The promise of cryptocurrency is not only its simplicity and decentralization features.

In fact, many people turn to crypto for what it has to offer in terms of privacy and, well, it just so happens that Monero is the king of privacy in the crypto universe.

In this edition of Coin Spotlight, we'll try to understand why some argue that Monero is what Bitcoin was intended to be.

Why privacy matters

It is a fact that criminals are no strangers to cryptocurrency.

However, the very definition of criminal can be contested here as history shows us time and time again that many people have been persecuted by protesting their government’s actions, not following certain views, or simply even because of their sexual orientations.

Monero’s privacy policies ensures that a person’s right to dissent doesn’t correlate with him or her losing their financial freedoms.

What exactly is Monero and how does it work?

Monero is the word for coin in Esperanto.

It is based on an open-source code which goes by the name of crypto note and its software allows it to stay completely private by means of using several different keys in tandem with a concealing mechanism known as ring signatures.

As such, Monero basically gives its users a way to have stealth addresses which in turn allows for the creation of randomly generated keys every time they wish to make a transaction.

By doing so, users are given a target to where they should send the money but at the same time their privacy is kept in the process as they use a randomly generated key created only for that specific effect and a ring signature which obscures the process even further.

Ring Signatures

The ring signature mechanism, to put things simple, works in a way in which whoever is looking at it from the outside can see a total pool of people from whom the money might have been sent, but without ever being able to track who actually performed the transaction.

Consequently, this means that there is no way of tracking where it came from, where it went, and how much was sent. Moreover, unlike every other blockchain, you are not able to even see his or her account balances.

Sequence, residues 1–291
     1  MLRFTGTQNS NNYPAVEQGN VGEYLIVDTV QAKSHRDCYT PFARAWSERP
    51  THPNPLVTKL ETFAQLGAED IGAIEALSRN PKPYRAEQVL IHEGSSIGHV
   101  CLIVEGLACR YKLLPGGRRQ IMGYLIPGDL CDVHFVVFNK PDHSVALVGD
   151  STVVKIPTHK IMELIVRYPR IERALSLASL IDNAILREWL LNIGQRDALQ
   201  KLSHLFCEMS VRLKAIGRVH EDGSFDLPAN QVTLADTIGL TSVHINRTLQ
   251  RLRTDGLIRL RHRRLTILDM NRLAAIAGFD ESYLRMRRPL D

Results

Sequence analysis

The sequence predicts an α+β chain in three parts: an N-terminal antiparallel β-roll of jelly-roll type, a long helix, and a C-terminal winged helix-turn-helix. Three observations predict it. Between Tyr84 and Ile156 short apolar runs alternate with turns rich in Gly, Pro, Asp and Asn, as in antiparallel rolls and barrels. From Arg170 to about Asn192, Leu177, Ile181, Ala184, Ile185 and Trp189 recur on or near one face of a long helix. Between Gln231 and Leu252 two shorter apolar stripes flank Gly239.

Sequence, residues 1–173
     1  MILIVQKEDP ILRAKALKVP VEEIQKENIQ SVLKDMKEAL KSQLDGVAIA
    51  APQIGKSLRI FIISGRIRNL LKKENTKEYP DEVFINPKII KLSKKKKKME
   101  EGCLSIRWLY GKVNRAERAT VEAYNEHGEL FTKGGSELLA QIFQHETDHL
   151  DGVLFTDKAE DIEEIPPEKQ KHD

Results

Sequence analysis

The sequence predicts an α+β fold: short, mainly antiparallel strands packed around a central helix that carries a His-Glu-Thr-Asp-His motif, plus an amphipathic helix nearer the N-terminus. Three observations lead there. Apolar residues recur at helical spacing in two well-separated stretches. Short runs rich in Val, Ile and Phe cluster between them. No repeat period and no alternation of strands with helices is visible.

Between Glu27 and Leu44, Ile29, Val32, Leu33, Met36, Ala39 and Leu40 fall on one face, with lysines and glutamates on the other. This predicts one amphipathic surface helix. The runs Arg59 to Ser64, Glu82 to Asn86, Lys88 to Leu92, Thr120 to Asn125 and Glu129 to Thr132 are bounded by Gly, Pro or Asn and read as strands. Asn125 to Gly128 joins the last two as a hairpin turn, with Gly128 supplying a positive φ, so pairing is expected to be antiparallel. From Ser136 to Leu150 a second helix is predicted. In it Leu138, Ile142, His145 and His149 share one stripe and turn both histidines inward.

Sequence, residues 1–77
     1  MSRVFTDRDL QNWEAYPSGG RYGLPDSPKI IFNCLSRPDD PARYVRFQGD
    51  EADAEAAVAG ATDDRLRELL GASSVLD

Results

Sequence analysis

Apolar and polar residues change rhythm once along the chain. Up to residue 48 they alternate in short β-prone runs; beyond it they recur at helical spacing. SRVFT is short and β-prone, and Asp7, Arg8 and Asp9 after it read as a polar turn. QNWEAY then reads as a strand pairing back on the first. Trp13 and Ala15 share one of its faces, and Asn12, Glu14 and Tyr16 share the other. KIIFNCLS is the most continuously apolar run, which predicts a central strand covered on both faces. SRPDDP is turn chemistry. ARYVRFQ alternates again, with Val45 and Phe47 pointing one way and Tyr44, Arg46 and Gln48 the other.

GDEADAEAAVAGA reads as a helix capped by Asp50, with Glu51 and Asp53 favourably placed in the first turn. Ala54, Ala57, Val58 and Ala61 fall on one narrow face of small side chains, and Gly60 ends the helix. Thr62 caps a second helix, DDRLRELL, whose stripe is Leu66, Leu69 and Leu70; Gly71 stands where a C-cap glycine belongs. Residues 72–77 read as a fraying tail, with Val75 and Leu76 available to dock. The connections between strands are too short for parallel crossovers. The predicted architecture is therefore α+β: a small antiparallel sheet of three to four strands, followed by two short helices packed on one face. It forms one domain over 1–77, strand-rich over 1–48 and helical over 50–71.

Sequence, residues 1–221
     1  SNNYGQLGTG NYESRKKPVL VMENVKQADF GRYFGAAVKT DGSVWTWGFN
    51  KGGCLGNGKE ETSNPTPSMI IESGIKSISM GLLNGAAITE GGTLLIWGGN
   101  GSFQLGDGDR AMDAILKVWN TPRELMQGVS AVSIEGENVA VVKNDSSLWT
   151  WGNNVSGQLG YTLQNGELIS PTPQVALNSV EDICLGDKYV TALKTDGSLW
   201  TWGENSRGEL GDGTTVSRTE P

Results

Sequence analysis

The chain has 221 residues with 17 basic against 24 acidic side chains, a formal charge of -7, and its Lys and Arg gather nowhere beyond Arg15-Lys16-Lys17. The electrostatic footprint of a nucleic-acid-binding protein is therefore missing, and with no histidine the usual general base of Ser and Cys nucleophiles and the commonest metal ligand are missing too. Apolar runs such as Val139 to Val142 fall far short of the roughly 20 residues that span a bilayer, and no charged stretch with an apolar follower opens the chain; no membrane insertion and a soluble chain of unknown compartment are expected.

In terms of fungibility, big name coins like Bitcoin are not entirely fungible, meaning that each coin has a recorded history from the time it was created to the present day which makes them slightly different from one another, unlike, for example, a $20 dollar bill, or a pound of silver or gold.

As such, one can determine if each coin is actually good money as it is possible to see and track down who and where they were used.

This, in turn, makes it so that users face the risk of seeing his or her coins be refused if, for example, they were previously used in criminal activities.

As for Monero, this is totally not the case as it is completely untraceable, meaning that is also in fact 100% fungible.


Monero is mined mostly by CPUs which means that everyone who wishes to participate is more than welcomed to do so.

By committing to such strategy, the mining power becomes even more decentralized than, for example, Bitcoin’s, which uses very expensive mining gear.

In turn, the whole network is less prone to failure and makes every single participant much more responsible for the project.

The bear case

Monero, as well as any other privacy coin, is a prime target for regulation . Moreover, no exchange will risk losing their operating license.

The added privacy might come with the added cost of "flagging" one's activity on account of neither exchanges nor the IRS will be able to trace the origin of one's funds.

The inherent irony in Monero is this: the more you try to hide your activity, the more you will stand out and while some might be ok with hidding their activities (or risk getting audited), others may not.

Wrapping up

Monero might seem shady, but it is in fact the ultimate bastion for privacy in crypto and, as we’ve pointed out, privacy matters, a lot.

In a market so uncertain and with the evergrowing fear of government regulation, the question which remains is: is the fundamental demand for these types of privacy coins exists in a way that justifies their recent price action or are they still driven by speculation?

The future will certainly tell.